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Default Re: David Bradley rider, tell me more about it

Do you have the long belt guard that covers those drive belts? It is a fairly simple design, but very important as to keep your important body parts from getting wrapped up in your work! As I recall that reverse drive is a two step process. When you pull the clutch lever back, it releases the clutch first then as you pull it further back it pulls that odd looking idler on the rear axle drive down into contact with the outside/ back side of that drive belt. I think there was a cable that connected the lever to that rear pulley assembly. That causes the axle drive pulley to turn the opposite direction and move the vehicle to back up.

Last edited by FWurth; 12-23-2018 at 01:52:23 PM.
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Old 12-23-2018, 12:47:07 PM
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Default Re: David Bradley rider, tell me more about it

No I do not have the belt guard but a freind has a machine a year or 2 newer and has the gaurd and I will be borrowing it to make a copy.
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Old 01-03-2019, 10:41:14 PM
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Default Re: David Bradley rider, tell me more about it

The local Ace hardware has a drawer of steel balls and some were the same size or just a hair bigger around than the 1 I pulled from the clutch.So I will be working on that issue some later in the week.I have a bigger ,long term project I am getting close to finishing.so the tractors have been something to give me a mental break from that other much bigger project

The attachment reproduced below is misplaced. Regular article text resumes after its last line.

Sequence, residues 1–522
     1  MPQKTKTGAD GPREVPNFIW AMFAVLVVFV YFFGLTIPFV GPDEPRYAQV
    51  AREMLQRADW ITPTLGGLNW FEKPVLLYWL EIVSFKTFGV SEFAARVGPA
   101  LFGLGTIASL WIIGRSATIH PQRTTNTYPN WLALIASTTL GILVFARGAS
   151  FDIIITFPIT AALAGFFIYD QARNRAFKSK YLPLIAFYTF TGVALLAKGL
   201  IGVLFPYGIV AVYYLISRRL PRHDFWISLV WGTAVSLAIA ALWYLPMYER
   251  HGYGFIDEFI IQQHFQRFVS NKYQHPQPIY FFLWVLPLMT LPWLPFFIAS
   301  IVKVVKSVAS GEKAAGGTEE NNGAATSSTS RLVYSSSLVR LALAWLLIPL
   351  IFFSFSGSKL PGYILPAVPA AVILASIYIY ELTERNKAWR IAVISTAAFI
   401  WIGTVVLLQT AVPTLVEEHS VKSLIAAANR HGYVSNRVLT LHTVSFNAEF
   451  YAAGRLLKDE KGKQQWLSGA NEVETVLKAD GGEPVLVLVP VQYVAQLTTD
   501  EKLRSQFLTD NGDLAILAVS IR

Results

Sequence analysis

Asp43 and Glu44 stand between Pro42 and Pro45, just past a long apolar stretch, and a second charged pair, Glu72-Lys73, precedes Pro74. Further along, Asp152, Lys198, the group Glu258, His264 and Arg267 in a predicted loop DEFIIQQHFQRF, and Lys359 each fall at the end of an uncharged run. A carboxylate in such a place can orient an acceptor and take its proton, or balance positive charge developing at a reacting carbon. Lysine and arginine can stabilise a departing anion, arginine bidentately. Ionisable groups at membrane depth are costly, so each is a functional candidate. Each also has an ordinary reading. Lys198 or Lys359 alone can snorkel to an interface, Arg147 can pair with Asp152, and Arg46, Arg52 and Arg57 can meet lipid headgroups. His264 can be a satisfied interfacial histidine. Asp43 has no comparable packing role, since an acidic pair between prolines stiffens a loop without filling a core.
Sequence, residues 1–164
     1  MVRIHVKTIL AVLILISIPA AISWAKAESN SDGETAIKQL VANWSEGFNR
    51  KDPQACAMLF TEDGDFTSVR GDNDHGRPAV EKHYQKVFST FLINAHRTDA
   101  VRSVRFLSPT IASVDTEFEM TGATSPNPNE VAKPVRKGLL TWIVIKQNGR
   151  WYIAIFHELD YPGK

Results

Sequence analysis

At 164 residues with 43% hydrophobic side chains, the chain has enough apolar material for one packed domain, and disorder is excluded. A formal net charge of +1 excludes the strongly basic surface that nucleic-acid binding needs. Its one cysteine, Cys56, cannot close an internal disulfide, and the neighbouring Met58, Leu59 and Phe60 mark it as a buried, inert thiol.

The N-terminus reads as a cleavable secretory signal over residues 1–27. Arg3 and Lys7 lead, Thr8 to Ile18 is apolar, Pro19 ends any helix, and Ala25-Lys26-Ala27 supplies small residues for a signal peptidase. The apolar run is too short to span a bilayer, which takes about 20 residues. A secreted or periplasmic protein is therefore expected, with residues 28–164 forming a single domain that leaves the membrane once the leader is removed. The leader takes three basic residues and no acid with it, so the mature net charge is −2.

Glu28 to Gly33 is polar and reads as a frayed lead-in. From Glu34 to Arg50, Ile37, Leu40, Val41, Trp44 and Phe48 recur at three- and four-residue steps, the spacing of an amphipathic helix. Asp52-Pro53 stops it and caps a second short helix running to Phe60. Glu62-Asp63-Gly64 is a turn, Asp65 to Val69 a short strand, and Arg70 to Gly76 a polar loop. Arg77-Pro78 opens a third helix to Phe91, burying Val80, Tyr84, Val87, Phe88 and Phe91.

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Old 01-04-2019, 03:04:27 PM
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Default Re: David Bradley rider, tell me more about it

I bought a 61 DB in about the same condition where everything was seized up. Started oiling up the clutch assembly and it started to free up. With a new set of rear tires it rolls smoothly though the clutch won't disengage.
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Old 02-05-2019, 01:52:50 PM
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Default Re: David Bradley rider, tell me more about it

Well how is this for a belt guard?
I still have 1 sorda of a slot to cut in the bottom of it and I am not comfortable with the looks of the clutch lever bracket on the 1 I copied,so I left metal there for grinding and cutting off to be correct.If someone has a pic of that angle iron bracket that holds the clutch lever,I would like to see the slot that holds the lever..I am thinking this 1 I borrowed is broke off on 1 end.
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Old 02-05-2019, 04:08:17 PM
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Default Re: David Bradley rider, tell me more about it

I think there was a notch in that clutch lever bracket that held the lever in the neutral position. The lever itself had a bit of spring pressure that held it against the bracket. The one you copied isn't broken off, just worn down from the lever rubbing it.